Deeper small-incision lenticule extraction allows for use of same technique in secondary surgery
MILAN — Performing small-incision lenticule extraction deeper in the corneal stroma enables the surgeon to use the same technique a second time in case enhancement is needed, a presenter here said.
“Small-incision lenticule extraction (smile, Carl Zeiss Meditec) holds several advantages in comparison with LASIK. We have the same visual and refractive results, but less dry eye and better preservation of corneal biomechanics,” José Güell, MD, said at the annual joint meeting of Ocular Surgery News and the Italian Society of Ophthalmology.
When secondary procedures are needed, however, the options have traditionally been limited to surface ablation or standard LASIK. In such cases, the advantages of smile are lost.
The standard depth at which smile is performed and extracted is 120 µ. In a study, Güell compared the results and stability for five different depths, ranging from 120 µ to 180 µ.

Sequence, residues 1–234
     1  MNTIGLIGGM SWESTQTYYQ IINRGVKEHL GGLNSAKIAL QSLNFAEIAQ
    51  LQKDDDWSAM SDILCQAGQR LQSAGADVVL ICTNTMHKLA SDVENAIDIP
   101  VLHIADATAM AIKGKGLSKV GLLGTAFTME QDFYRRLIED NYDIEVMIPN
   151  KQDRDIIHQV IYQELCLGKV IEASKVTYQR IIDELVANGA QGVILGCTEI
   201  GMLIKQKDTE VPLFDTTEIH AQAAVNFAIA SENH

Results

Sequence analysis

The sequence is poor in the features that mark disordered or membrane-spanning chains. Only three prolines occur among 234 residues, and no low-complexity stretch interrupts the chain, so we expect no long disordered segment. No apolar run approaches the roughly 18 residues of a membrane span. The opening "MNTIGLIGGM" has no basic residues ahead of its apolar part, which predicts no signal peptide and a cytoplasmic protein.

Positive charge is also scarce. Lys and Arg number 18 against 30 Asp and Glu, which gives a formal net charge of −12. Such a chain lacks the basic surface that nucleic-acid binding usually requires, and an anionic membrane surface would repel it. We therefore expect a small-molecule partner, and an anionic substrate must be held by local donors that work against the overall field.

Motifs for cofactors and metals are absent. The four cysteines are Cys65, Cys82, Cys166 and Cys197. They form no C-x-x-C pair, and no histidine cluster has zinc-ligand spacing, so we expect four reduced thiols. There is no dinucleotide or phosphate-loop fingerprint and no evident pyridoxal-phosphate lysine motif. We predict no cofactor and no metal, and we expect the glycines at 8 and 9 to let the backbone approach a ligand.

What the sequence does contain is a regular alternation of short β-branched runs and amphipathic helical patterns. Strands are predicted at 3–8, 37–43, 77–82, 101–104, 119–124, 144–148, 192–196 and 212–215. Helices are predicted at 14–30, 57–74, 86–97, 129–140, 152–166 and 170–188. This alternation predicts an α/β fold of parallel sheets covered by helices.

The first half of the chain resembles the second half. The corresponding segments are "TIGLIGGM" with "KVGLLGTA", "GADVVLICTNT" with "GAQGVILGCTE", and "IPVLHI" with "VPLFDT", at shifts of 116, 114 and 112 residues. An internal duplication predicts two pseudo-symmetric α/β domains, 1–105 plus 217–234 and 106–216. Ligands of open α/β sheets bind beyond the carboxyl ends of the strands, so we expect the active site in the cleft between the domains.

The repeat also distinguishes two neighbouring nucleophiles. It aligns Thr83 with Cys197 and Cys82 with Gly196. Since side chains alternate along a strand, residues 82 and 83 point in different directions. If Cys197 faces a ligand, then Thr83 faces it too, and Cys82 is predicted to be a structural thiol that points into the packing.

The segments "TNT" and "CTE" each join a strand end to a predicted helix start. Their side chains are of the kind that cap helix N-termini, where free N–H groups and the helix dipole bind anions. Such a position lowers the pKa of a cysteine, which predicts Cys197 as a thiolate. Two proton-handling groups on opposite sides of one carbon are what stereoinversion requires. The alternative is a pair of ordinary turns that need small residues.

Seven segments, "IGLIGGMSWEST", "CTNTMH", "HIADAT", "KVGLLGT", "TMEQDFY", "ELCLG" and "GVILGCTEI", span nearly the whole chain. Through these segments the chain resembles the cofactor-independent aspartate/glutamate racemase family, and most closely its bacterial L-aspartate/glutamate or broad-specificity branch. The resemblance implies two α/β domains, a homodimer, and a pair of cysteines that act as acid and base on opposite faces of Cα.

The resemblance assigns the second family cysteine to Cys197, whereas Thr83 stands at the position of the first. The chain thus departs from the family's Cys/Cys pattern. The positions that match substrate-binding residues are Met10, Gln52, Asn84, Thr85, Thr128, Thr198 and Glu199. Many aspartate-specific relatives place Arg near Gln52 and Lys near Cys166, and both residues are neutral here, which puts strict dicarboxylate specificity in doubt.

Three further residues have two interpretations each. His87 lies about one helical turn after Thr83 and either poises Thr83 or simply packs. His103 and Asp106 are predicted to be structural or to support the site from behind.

“At 3 months, there was no statistically significant difference in uncorrected vision, spherical equivalent and astigmatism between the five groups; however, surprisingly, the best was the deepest,” he said.
Because it was equally safe and potentially better to perform smile deeper, Güell decided to use the 160 µ depth in his patients, thus allowing for secondary smile if needed.
“Our study showed that we can cut deeper, which leaves us enough stromal depth to perform secondary, more superficial smile, at 120 µ. Secondary laser dissection is safe and easy as in the primary procedure, and it allows maintaining the advantages of smile,” he said.
Disclosure: Güell is a consultant for Carl Zeiss Meditec.